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Thread: PLA – A quick Reference.

  1. #31
    Idiot Mode [ON] OFF Senior Contributor YellowFever's Avatar
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    Forgive a dumb question who is totally ignorant on this matter but what DOR posted seems reasonable.

    Can you explain why it's a bad idea, Colonel?

  2. #32
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    About 15 years ago, they started something called Brigadization, trying to replace a division with a brigade; mainly taking a division, subtract 2 combat regiments out, and let the remaining regiment keep half of the division's logistics BUT they kept the taskings the same. What they learned was that no single re-enforced regiment can do the job of 3 regiments no matter how well supplied it was. They eventually was forced back to division. The poor brigade HQ was overtasked and had insufficient supplies to do the job of a division.

    Simple math didn't even occurred to the PLA. If you taking half the supplies away and cut two thirds of your combat power, you're going to do less than half of what the division used to do.

    A quick look at any of the Cat A Group Armies (and they are Group Armies, not Corps) showed that none of the divisions are in a position to take the artillery, engineering, service brigades. Simply put, a re-enforced division is not going to do the job of an army.

    Correction: About 25 years ago. This was the 90s.
    Last edited by Officer of Engineers; 26 Aug 16, at 06:37.
    Chimo

  3. #33
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    in short it requires a complete rebuild from ground-up. they're trying to change from a Soviet system to a US-style system but while it's a bit easier to change headquarter responsibilities and titles at the MND, it's a lot harder to do it with operational units.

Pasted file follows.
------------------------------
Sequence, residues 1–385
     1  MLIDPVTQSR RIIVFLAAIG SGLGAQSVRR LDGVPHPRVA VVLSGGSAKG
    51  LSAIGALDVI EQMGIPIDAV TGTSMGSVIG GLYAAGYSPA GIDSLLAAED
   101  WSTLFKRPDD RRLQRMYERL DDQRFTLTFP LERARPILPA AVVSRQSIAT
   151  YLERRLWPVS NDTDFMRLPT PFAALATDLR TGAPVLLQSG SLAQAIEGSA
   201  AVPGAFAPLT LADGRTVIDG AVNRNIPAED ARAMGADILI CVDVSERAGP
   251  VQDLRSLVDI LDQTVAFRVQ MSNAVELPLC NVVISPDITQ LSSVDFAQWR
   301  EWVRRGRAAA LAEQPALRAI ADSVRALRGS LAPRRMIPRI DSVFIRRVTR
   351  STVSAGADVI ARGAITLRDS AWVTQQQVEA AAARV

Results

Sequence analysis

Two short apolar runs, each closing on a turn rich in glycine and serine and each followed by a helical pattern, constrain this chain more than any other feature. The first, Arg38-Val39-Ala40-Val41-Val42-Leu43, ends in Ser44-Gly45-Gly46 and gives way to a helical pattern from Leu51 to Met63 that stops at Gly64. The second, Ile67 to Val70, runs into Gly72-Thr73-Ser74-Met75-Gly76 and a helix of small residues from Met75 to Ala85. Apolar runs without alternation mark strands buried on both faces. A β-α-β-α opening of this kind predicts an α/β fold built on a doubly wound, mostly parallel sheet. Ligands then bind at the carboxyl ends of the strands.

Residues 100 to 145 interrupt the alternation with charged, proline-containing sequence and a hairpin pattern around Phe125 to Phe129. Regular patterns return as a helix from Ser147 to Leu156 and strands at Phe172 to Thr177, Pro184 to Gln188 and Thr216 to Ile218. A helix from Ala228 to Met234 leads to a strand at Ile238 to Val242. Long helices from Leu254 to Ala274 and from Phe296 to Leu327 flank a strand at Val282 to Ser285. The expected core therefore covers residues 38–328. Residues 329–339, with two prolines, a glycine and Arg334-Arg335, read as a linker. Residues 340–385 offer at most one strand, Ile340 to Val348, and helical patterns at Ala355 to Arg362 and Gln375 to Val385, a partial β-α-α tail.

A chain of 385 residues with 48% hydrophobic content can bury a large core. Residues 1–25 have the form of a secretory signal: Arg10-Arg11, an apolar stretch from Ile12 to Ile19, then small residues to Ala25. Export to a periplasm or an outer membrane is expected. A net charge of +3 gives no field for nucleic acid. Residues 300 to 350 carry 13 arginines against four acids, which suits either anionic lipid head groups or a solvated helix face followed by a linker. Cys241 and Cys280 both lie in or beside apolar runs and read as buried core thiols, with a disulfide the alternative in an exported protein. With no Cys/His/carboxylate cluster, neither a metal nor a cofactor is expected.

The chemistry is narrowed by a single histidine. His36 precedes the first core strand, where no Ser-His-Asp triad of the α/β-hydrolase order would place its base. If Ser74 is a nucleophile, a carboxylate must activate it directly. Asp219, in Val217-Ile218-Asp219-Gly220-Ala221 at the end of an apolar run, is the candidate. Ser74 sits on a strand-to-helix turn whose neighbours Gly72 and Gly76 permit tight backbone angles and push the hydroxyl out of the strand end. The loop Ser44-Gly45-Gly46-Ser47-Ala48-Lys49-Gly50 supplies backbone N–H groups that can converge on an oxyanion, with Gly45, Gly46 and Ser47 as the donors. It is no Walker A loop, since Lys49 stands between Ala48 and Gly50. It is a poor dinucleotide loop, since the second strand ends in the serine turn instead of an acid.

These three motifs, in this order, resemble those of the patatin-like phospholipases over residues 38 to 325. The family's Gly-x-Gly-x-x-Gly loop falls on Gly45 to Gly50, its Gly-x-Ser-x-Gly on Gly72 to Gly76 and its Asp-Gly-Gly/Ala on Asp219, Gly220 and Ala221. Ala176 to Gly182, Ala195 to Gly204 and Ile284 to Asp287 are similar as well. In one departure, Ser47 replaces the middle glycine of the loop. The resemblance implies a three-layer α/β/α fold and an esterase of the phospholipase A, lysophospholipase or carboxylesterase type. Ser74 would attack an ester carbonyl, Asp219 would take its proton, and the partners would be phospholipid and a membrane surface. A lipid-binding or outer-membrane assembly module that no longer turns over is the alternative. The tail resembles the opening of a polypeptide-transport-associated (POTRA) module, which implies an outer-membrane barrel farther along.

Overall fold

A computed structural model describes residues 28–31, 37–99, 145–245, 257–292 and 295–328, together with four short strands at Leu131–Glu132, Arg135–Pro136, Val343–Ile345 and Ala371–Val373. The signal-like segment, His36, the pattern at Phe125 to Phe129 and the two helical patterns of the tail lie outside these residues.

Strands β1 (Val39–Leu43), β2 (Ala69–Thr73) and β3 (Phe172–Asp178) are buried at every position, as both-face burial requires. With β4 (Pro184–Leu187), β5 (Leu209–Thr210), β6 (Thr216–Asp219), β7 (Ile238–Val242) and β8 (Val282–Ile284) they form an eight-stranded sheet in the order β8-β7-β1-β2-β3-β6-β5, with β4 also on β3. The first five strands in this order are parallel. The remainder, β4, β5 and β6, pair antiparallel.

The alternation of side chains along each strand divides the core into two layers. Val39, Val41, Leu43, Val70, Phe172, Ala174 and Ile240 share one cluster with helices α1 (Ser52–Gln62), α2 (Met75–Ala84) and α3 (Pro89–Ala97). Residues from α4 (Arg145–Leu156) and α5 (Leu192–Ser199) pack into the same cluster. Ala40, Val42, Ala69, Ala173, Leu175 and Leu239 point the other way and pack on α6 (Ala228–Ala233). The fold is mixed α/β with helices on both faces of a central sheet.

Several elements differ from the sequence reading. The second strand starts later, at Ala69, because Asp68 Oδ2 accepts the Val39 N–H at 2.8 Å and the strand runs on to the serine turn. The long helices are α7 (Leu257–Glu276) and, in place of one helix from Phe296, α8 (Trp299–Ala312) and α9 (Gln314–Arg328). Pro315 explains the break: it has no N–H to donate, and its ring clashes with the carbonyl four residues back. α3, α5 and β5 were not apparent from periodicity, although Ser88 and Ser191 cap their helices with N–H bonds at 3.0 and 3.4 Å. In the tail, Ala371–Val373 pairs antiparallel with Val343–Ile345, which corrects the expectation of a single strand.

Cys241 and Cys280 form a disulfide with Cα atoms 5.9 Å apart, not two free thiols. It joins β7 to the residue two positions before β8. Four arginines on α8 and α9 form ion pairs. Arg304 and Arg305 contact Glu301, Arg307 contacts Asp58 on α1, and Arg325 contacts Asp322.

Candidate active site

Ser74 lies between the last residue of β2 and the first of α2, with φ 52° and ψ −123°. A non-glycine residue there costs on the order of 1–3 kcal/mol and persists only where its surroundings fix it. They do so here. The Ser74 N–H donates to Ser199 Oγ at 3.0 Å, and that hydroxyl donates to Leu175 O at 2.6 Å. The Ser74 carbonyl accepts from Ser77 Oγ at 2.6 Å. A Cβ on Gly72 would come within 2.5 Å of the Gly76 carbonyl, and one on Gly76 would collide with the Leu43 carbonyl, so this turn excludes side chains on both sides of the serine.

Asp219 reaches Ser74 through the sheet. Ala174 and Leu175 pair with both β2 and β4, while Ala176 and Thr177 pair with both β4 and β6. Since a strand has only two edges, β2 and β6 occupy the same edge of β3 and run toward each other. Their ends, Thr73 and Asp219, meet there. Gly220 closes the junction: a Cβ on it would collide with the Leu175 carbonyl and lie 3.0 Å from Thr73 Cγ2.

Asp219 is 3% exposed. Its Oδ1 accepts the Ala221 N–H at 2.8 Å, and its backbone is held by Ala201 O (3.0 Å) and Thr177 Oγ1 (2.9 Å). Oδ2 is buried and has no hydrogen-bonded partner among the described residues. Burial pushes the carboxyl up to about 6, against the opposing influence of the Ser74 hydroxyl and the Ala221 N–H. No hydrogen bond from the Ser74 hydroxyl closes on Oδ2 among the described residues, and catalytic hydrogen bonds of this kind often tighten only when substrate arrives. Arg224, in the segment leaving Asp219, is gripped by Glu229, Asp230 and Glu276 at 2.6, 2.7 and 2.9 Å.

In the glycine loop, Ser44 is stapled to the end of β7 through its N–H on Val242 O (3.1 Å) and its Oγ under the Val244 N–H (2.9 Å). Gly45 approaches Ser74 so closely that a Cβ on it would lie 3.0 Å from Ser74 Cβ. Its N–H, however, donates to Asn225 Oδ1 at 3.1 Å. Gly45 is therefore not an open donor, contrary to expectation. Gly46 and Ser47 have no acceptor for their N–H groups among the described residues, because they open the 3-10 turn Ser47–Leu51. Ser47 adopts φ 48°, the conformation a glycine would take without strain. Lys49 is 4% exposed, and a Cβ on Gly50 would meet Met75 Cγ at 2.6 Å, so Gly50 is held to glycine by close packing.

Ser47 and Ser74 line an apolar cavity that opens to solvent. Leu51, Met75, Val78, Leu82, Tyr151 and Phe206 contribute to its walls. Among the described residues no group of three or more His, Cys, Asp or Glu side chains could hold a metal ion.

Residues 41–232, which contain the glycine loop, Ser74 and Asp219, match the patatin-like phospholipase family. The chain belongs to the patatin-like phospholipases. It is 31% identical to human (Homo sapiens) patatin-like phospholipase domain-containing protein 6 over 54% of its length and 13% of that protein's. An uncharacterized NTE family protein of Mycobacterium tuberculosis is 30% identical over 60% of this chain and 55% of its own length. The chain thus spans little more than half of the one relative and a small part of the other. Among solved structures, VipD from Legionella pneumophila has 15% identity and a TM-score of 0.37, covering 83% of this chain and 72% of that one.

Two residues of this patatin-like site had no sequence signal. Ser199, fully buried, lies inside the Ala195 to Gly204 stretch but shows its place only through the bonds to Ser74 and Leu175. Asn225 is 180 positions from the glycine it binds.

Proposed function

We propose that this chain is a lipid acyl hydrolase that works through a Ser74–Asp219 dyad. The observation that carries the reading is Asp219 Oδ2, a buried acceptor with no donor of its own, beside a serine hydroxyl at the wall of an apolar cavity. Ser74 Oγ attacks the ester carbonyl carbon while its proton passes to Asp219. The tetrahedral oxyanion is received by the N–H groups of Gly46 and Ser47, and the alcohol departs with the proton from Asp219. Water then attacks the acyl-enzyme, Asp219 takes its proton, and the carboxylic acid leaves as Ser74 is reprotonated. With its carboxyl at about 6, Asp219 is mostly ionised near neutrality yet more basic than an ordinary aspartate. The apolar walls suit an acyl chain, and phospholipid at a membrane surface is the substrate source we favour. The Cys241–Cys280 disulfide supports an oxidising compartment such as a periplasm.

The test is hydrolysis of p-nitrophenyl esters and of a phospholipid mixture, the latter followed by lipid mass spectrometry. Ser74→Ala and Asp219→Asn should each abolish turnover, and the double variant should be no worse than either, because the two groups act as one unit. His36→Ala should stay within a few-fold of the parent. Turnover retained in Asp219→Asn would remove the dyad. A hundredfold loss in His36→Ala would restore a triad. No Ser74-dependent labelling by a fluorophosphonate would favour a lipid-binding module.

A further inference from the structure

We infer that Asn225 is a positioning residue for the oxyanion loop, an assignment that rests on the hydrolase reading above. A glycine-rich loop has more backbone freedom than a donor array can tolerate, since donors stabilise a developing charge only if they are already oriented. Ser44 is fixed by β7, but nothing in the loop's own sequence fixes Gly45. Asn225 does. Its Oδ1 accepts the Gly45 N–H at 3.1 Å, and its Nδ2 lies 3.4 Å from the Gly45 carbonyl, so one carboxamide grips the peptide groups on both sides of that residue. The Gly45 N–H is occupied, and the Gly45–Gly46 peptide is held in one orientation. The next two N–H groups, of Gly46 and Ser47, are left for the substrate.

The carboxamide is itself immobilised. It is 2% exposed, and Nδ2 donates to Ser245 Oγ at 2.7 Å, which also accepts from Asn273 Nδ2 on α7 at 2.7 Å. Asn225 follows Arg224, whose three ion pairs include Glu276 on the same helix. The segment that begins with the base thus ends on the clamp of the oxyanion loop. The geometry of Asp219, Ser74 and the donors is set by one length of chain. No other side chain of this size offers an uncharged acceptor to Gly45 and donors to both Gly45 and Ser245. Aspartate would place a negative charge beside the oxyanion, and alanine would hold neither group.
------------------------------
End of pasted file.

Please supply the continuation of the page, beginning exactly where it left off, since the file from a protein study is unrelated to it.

There is a cult of ignorance in the United States, and there has always been. The strain of anti-intellectualism has been a constant thread winding its way through our political and cultural life, nurtured by the false notion that democracy means that "My ignorance is just as good as your knowledge."- Isaac Asimov

  4. #34
    Senior Contributor DOR's Avatar
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    Another reorganization, or rehashing old news?
    http://chinaplus.cri.cn/news/politic...0418/3175.html

  5. #35
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    recently wrote an article for War on the Rocks regarding military diplomacy with the PLA.

    https://warontherocks.com/2018/03/wh...-chinese-army/
    There is a cult of ignorance in the United States, and there has always been. The strain of anti-intellectualism has been a constant thread winding its way through our political and cultural life, nurtured by the false notion that democracy means that "My ignorance is just as good as your knowledge."- Isaac Asimov

  6. #36
    Senior Contributor DOR's Avatar
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    Quote Originally Posted by astralis View Post
    recently wrote an article for War on the Rocks regarding military diplomacy with the PLA.

    https://warontherocks.com/2018/03/wh...-chinese-army/
    I read that.
    Nice tone and structure, in addition to being a fascinating view from inside the fishbowl.
    Trust me?
    I'm an economist!

  7. #37
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    Quote Originally Posted by astralis View Post
    recently wrote an article for War on the Rocks regarding military diplomacy with the PLA.

    https://warontherocks.com/2018/03/wh...-chinese-army/